I tend to tell people who wonder why I only sleep a couple of hours a night and am generally up until 3-4 AM that I have suffered from insomnia since my childhood. The truth, however, is that I’m not in actuality insomniac, but have developed a severe case of delayed sleep-phase disorder when I was about eight.
Delayed sleep-phase syndrome??(DSPS), also known as??delayed sleep-phase disorder??(DSPD) or??delayed sleep-phase type??(DSPT), is a??circadian rhythm sleep disorder, a chronic disorder of the timing of sleep, peak period of alertness, the??core body temperature??rhythm,??hormonal??and other daily rhythms relative to societal requirements. People with DSPS generally fall asleep some hours after midnight and have difficulty waking up in the morning.
Often, people with the disorder report that they cannot sleep until early morning, but fall asleep at about the same time every “night”. Unless they have another??sleep disorder??such as??sleep apnea??in addition to DSPS, patients can sleep well and have a normal need for sleep. Therefore, they find it very difficult to wake up in time for a typical school or work day. If, however, they are allowed to follow their own schedules, e.g. sleeping from 4 a.m. to noon, they sleep soundly, awaken spontaneously, and do not experience??excessive daytime sleepiness.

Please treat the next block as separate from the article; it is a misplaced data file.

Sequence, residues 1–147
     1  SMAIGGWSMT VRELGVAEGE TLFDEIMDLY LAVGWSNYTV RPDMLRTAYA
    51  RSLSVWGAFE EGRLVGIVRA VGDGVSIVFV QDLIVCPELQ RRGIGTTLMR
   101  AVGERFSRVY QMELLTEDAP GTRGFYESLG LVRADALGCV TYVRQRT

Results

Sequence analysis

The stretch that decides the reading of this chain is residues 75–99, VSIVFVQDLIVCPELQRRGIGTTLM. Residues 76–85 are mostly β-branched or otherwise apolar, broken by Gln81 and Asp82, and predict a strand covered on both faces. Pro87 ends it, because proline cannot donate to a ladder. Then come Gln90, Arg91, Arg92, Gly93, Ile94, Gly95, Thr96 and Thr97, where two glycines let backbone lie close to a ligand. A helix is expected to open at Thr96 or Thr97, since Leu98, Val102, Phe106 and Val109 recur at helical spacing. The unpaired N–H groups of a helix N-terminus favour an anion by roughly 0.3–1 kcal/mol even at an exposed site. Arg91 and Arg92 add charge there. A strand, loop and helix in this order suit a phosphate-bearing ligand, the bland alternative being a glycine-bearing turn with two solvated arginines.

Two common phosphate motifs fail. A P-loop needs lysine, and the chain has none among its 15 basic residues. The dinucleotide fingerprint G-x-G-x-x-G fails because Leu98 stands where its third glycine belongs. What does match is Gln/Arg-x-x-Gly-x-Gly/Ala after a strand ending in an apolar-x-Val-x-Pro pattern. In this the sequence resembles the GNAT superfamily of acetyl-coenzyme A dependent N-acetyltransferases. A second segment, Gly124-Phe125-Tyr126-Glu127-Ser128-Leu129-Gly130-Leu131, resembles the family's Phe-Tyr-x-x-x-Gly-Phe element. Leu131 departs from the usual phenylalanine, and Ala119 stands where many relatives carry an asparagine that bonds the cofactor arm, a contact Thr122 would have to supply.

The syndrome usually develops in early childhood or adolescence.??An adolescent version disappears in adolescence or early adulthood; otherwise DSPS is a lifelong condition. Depending on the severity, it can be to a greater or lesser degree treatable. Prevalence among adults, equally distributed among women and men, is approximately 0.15%, or 3 in 2,000.
I regularly can’t fall asleep. ??
I often can’t fall asleep even when I feel tired. ??
Once asleep, I generally sleep through the night just fine. ??
It’s nearly impossible for me to wake up early in the morning. ??
Pulling an all-nighter is surprisingly easy for me. ??
I generally direct my lifestyle to avoid morning commitments.